3 Most Active Ransomware Groups in 2023

The three most active ransomware gangs in 2023 were LockBit 3.0, Alphv, and Cl0p. While these three were the primary contributors to the sharp increase in ransomware attacks in 2023, a significant number of attacks also originated from 8Base, 3AM, Akira, Play, and Rhysida, ransomware groups. In 2023, the ransomware industry witnessed a startling surge, experiencing a 55.5% increase in global victims, totaling an astonishing 4,368 cases. The trajectory showed explosive growth in 2021, a momentary dip in 2022, and yet another surge in 2023. LockBit retained its top position, securing 1047 victims through notable attacks on Boeing, Nagoya Harbor, and the Royal Mail. In contrast, Alphv and Cl0p achieved comparatively less success, with 445 and 384 victims, respectively. In the second quarter of 2023, there were 1386 newly documented ransomware cases, marking a 67% increase in victims compared to the first quarter. Quarter 3 surpassed this figure even further, reaching a total of 1420 cases.

3 New Ransomware Groups in 2024

Each ransomware group exhibits distinct characteristics, and the extent of the threat posed by a particular ransomware operation to legitimate companies can vary significantly. The three new ransomware gangs to look out for in 2024 are Akira, Rhysida, and 3AM. 

The Akira Group

Making its debut in March 2023, Akira Ransomware swiftly gained notoriety through its unique 1980s-themed website and substantial ransom demands, ranging from $200,000 to $4 million. The group strategically focuses on various sectors, particularly healthcare, finance, real estate, and manufacturing, boasting over 81 claimed victims to date. Akira stands out for its proficiency in targeting both Windows and Linux systems. Notably, potential connections with the infamous Conti ransomware group have been suggested due to shared elements in their code and cryptocurrency wallets. Akira operates as a ransomware-as-a-service, impacting both Windows and Linux systems. The group utilizes its official data leak site (DLS) to disclose information about victims and provide updates on their activities. While their primary focus is on the United States, they also target the United Kingdom, Australia, and various other countries. Employing a double-extortion strategy, Akira infiltrates and encrypts data, compelling victims to pay two separate ransoms for regaining access and file restoration. In nearly all instances of intrusion, Akira leverages compromised credentials as the initial entry point into the victim’s environment. Notably, a significant number of targeted organizations failed to implement multi-factor authentication (MFA) for their VPNs. Although the exact source of these compromised credentials remains uncertain, there’s a possibility that the threat actors obtained access or credentials from the dark web.

Rhysida Ransomware

Since its establishment in May 2023, Rhysida ransomware has swiftly gained prominence, notably for its bold attacks on governmental entities such as the Chilean Army, healthcare entities such as Prospect Medical Holdings, and high-profile entities such as the British Library and Insomniac Games. Initially, the Rhysida Group emerged as a “Cybersecurity Team,” establishing a victim support chat portal on their website with the intention of targeting their systems and finding out their vulnerabilities.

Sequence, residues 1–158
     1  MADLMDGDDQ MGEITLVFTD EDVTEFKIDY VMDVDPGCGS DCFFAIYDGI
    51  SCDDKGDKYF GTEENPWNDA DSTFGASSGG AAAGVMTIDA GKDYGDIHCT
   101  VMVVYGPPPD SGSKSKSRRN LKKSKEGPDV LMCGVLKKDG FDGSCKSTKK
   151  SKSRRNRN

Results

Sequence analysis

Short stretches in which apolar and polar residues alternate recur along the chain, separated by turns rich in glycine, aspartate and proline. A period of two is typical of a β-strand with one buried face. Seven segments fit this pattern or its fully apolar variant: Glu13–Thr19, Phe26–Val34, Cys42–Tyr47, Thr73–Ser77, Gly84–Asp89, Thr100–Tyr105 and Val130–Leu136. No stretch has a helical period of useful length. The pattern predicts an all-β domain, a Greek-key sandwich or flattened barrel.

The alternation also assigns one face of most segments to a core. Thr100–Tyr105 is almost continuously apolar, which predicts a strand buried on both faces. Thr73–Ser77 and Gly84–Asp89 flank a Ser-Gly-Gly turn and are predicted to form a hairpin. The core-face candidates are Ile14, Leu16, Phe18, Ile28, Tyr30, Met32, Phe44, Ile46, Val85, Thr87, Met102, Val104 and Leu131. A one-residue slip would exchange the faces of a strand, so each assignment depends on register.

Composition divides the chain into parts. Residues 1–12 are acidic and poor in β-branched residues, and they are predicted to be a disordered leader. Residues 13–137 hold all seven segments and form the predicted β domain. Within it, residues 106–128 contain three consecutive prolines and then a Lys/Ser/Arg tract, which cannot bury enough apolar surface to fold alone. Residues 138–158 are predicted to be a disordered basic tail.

Operating with a double-extortion approach, Rhysida not only encrypts victims’ files but also pilfers sensitive data, subsequently applying pressure by threatening public data leaks unless ransoms are promptly settled. Speculation suggests that Rhysida may have affiliations or shared members with older malware groups, providing it with a distinct advantage in terms of experience and reach. The heightened risk posed by Rhysida stems from its inclination to target unencrypted organizational data. Upon infiltrating a system, Rhysida quickly restricts access to sensitive files and data. Rhysida distinguishes itself through its inventive ransom demands. Organizations, particularly in North and South America, have encountered a distinctive PDF ransom note, a departure from the usual TXT or HTML formats. While seemingly subtle, this nuance could serve as a precedent for upcoming malware strains to employ similar evasion techniques.

3AM Ransomware

One of the newer ransomware groups is a strain called 3AM. Not much is known about this group and in 2023, it only managed to impact about 20 victims residing in the US. Emerging ransomware families come and go, with many failing to gain substantial traction. Nevertheless, the utilization of 3AM as a fallback by a LockBit affiliate hints at potential interest from attackers, raising the possibility of its resurgence in the future. Notably, 3AM seems to be an entirely novel malware family. Upon infiltrating a system, it consistently follows a specific sequence: first attempting to halt multiple services on the compromised computer before initiating the file encryption process. Following encryption, it endeavors to erase VSS copies. 

3AM distinguishes itself from other ransomware through the use of outdated methods. Many cybersecurity analysts speculate that using older scripts and technology may obscure the bad actors from detection by modern security tools. However, employing outdated methods and technology results in vulnerabilities, potential countermeasures, and likely sabotage. The decision by the 3AM ransomware group to utilize an outdated PHP script highlights the unpredictable nature of cybercriminals. This emphasizes the necessity for organizations to stay vigilant and embrace a comprehensive security approach, acknowledging that threats can arise from both modern and antiquated technologies.

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